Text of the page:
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Tim Michels says he supports abortion ban with rape, incest exceptions in Wisconsin

Wisconsin's current abortion ban dating back to 1849 does not identify such exemptions. It has become a major political issue for the candidates running in Wisconsin's 2022 midterm elections.
tim michels
Posted at 12:36 PM, Sep 23, 2022
and last updated 2022-09-23 19:21:22-04

MILWAUKEE — The Republican candidate for governor, Tim Michels, is changing his stance on abortion, telling a Milwaukee radio station that he would sign an abortion ban in the state that includes exceptions for rape and incest.

Wisconsin's current abortion ban dating back to 1849 does not identify such exceptions. Abortion law in Wisconsin reverted to the legislation when the U.S. Supreme Court struck down Roe v. Wade earlier this year. The law makes abortion a felony and doctors who give abortions face up to six years in prison and thousands of dollars in fines. The only exception it has is that doctors can give an abortion in order to save the life of a woman. That does not necessarily include a pregnancy from rape or incest.

Michels, who is co-owner of the construction company, has up until this point expressed his full support for Wisconsin's abortion ban as it exists now. “I’m not going to soften my stance on abortion,” Michels said at a campaign event this month. Michels also previously said that the current 1849 law is an "exact mirror" of his position.

But on Friday, Michels spoke with WISN Radio and told host Dan O'Donnell:

O’Donnell: "You have stated that your policy is an exact mirror of the current law that's on the books that outlaws abortions in Wisconsin and does not provide exceptions for cases of rape or incest. If you're elected governor, and if the presumably Republican legislature hands you a bill that says we are banning abortion in Wisconsin, but there will be exceptions for rape or incest. Would you sign it?"

Tim Michels: "Yeah, yes, I would sign that bill. And let me say a couple of things about that I am pro life and make no apologies for that. But I also understand that this is a representative democracy. And if the people in this case the legislature brought a bill before me, as you just stated, I would sign that."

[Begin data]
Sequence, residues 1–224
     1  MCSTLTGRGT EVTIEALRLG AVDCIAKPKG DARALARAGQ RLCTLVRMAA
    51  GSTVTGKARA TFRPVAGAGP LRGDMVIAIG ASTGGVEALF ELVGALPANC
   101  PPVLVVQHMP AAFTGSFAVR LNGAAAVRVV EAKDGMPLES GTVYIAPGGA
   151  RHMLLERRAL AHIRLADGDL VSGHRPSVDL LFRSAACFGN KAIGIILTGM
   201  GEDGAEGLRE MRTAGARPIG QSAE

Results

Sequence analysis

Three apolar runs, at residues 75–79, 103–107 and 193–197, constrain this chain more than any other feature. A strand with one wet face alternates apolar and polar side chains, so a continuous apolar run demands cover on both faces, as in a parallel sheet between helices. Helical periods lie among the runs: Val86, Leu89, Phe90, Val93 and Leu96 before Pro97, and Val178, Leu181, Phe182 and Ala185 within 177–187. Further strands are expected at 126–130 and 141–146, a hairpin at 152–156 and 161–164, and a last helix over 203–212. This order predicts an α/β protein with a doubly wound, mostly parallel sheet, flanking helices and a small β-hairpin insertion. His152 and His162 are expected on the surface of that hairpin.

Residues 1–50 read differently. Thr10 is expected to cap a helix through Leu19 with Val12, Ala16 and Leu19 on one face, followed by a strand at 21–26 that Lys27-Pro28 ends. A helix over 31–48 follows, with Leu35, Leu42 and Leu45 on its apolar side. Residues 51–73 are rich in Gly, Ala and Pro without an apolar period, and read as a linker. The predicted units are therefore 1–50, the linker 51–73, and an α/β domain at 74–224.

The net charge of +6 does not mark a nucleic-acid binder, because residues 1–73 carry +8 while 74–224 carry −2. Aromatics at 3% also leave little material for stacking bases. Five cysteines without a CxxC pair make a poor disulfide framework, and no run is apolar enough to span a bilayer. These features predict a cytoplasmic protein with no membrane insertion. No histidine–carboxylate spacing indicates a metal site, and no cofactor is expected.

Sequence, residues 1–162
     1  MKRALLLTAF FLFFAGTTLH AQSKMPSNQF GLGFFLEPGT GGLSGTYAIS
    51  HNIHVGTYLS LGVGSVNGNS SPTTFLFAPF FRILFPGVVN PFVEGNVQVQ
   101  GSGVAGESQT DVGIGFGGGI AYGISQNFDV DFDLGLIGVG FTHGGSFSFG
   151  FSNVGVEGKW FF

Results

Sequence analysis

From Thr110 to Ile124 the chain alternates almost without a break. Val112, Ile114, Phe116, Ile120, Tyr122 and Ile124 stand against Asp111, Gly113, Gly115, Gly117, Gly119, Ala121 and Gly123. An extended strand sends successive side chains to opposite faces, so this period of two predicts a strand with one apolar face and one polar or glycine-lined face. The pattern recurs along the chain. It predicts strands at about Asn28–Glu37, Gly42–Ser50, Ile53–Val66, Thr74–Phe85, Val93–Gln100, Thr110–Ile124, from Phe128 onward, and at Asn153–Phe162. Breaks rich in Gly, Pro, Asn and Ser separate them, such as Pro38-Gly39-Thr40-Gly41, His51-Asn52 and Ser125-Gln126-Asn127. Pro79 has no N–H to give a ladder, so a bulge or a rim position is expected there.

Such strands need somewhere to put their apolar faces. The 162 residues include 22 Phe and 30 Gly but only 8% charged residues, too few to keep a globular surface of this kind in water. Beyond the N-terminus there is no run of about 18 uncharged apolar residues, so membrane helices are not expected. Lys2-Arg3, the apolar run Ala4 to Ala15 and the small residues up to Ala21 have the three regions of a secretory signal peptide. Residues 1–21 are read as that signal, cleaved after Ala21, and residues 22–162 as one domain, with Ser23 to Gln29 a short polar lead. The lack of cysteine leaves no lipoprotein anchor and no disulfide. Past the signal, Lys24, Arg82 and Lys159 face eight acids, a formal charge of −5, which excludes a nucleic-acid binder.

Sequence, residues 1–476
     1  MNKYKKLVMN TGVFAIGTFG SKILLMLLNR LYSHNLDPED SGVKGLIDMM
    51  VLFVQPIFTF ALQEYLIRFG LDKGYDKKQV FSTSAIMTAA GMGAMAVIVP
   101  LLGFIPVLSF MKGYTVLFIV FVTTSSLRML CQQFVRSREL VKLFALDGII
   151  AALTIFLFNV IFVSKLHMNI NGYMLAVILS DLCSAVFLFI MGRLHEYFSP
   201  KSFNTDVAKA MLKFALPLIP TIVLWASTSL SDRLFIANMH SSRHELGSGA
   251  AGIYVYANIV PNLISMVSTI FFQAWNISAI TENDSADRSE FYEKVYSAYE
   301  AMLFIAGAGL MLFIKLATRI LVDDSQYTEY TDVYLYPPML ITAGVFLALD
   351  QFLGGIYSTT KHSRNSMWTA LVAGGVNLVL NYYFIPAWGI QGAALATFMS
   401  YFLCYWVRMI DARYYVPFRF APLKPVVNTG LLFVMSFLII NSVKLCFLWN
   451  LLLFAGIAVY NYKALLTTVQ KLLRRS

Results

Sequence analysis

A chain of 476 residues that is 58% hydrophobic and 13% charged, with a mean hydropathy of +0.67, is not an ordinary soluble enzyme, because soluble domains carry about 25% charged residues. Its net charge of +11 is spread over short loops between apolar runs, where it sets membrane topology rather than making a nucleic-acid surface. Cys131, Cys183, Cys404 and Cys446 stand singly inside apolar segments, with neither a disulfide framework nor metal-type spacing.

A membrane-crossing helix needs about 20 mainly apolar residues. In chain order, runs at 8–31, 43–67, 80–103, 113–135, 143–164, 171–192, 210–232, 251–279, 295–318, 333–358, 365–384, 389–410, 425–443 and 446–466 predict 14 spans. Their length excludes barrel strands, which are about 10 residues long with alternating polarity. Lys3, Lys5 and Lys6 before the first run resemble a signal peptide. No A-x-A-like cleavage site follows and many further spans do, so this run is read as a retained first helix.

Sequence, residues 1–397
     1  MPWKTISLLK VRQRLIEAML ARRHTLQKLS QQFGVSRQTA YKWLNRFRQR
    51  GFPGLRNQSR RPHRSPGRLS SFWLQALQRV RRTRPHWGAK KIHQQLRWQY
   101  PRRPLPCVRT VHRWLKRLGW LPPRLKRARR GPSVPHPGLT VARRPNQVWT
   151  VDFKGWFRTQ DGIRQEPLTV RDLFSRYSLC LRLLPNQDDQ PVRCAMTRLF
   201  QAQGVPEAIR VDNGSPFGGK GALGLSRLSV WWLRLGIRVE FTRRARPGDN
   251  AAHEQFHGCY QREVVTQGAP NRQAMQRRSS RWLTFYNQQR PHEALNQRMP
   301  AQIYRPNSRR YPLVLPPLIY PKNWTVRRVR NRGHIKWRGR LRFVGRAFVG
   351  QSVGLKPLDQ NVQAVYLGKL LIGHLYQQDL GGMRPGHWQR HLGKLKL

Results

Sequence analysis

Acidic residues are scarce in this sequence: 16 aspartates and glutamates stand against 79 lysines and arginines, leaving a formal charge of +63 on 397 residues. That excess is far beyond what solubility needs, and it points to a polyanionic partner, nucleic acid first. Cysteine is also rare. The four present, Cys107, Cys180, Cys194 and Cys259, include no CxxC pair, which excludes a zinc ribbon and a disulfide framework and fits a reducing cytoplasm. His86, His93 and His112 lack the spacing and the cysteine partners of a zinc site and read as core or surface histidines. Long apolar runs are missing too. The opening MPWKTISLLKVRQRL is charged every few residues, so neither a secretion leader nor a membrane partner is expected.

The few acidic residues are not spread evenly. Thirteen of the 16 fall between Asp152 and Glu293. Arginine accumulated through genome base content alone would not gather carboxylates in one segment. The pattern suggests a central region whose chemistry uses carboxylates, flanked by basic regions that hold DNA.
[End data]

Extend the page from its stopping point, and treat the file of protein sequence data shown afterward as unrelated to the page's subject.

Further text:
Michels continued: "Yeah, so you're the first one that asked me this question. And I'm kind of surprised, being that there's been tens of millions of dollars spent against me on this issue in this election cycle. So I commend you, I guess this is breaking news on the Dan O’Donnell show. But no, I understand that the governor, you know, you're not the ultimate authority on things that you work with the legislature and the legislature, the State Senate, the Assembly, they're closest to the people. So if yes, that bill was put before me, I would sign it."

Michels' campaign may be making the decision based on recent polling. The most recent Marquette Law School poll found that more than 80% of respondents support exceptions for rape and incest in Wisconsin's abortion ban.

However, the same group of polling found that abortion policy is not a top priority for voters, who instead expressed more concern about inflation, schools and crime. The poll also found support one way or the other has remained the same. The MU poll found that 31% of participants believe abortion should be legal in all cases, 37% believe it should be legal in most cases, 26% believe it should be illegal in most cases, and 6% said it should be illegal in all cases.

Table 13: Do you think your state should or should not allow a woman to obtain a legal abortion if she became pregnant as the result of rape or incest?

Party IDShould allowShould not allow
Total9010
Republican8119
Independent9010
Democrat973

Table 11: Do you think abortion should be legal in all cases, legal in most cases, illegal in most cases, or illegal in all cases?

Poll datesLegal in all casesLegal in most casesIllegal in most casesIllegal in all cases
5/9-19/222938248
7/5-12/222836278
9/7-14/223137266

Michels' previous support for Wisconsin's abortion ban without exceptions for rape or incest has become a target in the race for governor. Michels is running against Democratic Wisconsin Gov. Tony Evers, who has been hitting Michels over his support for the abortion ban.

Evers meanwhile has advocated for removing the 1849 legislation and legalizing abortion in the way it was legal before the Supreme Court struck down Roe. The governor announced last Wednesday he is calling a special session to get the state legislature to issue a referendum to voters, asking if they want to legalize abortion.

Evers' campaign spokesperson said in a statement Friday regarding Michels' change in stance:

Tim Michels is trying to save his flailing campaign with a dishonest attempt to hide his stance on abortion, even after making it clear just two weeks ago that he’s “not gonna soften” his stance on opposing rape and incest exceptions and that he’s going to stick with his position “until the bitter end.” A mere two weeks ago, Michels even argued, “I think at this point, anyhow, I won’t do it, but at this point anyhow, I think it would actually be a negative.